A bill that was proposed in the Colorado legislature that would limit what could be garnished from an individual’s wages if the judgment was for medical debt was postponed indefinitely by the state’s Finance Committee on Monday, despite pleas that the law was sorely needed.
Colorado HB19-1089, the Exemption From Garnishment For Medical Debt, was introduced last month by Rep. Kerry Tipper, a Democrat who is vice chair of the Finance Committee. Rep. Tipper had vowed to pass the bill following the death of her father, Ed Tipper, a World War II veteran.
“You find yourself in a position where your whole world feels like it’s spinning out of control,” Tipper said of the medical debts her father incurred, despite having insurance. “You’re grieving. You’re stressed out. At the end of my dad’s life, there were decisions he had to make about his care that really dealt more with what they could afford and frankly what would be left for my mom when he was gone.”
The bill would have exempted an individual’s earnings from garnishment or judgment if the person’s family income did not exceed 400% of current federal poverty guidelines and was related to medical debts.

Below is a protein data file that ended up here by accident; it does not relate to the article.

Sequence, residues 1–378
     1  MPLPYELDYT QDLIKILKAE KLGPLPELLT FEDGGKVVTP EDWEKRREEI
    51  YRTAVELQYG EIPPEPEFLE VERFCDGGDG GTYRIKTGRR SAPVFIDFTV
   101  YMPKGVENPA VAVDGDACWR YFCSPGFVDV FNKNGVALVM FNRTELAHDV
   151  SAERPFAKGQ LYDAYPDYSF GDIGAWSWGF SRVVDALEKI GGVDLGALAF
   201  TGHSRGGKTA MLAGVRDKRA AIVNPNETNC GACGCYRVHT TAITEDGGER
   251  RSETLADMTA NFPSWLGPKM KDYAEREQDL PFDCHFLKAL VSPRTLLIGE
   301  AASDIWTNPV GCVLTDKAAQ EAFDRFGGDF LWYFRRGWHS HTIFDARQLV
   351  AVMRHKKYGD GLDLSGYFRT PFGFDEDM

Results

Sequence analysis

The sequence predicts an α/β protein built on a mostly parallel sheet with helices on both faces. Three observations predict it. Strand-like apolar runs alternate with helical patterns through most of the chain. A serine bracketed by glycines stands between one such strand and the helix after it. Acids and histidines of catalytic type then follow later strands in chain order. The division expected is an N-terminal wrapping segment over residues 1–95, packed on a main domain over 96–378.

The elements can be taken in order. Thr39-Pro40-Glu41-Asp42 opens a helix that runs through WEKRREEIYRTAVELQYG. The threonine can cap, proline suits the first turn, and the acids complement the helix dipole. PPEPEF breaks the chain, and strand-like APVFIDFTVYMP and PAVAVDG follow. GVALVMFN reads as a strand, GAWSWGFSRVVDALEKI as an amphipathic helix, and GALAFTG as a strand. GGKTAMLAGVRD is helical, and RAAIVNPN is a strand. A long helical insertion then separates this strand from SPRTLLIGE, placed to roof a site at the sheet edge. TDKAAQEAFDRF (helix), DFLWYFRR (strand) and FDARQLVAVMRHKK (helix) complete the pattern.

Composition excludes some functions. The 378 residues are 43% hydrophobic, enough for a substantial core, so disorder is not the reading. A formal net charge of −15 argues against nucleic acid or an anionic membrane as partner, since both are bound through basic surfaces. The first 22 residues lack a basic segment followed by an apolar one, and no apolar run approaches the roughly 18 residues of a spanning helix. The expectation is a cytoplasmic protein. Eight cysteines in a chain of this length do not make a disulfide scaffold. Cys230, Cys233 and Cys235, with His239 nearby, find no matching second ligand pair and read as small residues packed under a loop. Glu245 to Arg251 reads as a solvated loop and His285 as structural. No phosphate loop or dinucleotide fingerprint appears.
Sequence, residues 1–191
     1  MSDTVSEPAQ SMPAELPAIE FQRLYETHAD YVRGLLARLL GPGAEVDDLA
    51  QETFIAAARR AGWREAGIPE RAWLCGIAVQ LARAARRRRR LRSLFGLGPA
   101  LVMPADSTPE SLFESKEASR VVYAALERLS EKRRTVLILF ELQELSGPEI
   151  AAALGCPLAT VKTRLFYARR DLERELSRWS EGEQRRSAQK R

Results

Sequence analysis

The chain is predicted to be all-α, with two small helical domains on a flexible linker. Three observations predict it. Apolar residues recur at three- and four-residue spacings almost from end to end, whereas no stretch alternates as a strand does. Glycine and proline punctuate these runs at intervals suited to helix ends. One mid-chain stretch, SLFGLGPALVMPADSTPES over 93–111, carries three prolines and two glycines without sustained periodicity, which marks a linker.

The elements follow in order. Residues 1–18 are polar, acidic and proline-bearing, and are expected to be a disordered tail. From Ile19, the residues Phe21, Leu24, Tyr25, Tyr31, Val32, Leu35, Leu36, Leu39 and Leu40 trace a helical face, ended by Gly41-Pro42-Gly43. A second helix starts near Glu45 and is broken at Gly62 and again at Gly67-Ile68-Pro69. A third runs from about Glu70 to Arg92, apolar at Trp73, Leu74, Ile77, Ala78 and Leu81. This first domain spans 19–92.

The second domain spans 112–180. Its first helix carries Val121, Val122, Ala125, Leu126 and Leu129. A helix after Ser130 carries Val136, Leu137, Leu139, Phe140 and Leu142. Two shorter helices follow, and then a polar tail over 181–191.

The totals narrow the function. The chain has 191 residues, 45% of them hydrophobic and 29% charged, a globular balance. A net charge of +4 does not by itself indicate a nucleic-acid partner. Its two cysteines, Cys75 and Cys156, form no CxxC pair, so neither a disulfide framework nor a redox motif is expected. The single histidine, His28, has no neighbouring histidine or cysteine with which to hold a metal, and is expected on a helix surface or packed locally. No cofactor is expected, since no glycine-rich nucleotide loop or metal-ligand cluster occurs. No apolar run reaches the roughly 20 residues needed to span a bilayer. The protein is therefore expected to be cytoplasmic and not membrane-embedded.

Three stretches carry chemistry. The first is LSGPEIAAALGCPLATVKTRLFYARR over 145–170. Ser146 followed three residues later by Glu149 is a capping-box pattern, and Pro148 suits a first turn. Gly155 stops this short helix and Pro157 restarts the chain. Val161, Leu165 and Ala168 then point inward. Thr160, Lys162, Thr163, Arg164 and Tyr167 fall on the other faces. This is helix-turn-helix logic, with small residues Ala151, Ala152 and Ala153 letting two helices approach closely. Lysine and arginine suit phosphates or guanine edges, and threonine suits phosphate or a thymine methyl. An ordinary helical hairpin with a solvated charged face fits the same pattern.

The Finance Committee voted 7-4 to indefinitely postpone consideration of the bill.
One published report included a comment from a representative of the credit and collections industry.
“Most of our clients are optometrists, dentists, physical therapists, family practice doctors,” said Scott Allely, who was referred to as a collections industry representative, but whose LinkedIn Profile lists him as the president and chief executive of Allegiant Receivables Solutions. “These providers rely on the money we collect for them and return it to sustain their practices and their employees.”
Rep. Tipper said she next plans to introduce a bill that would eliminate property liens for medical debt.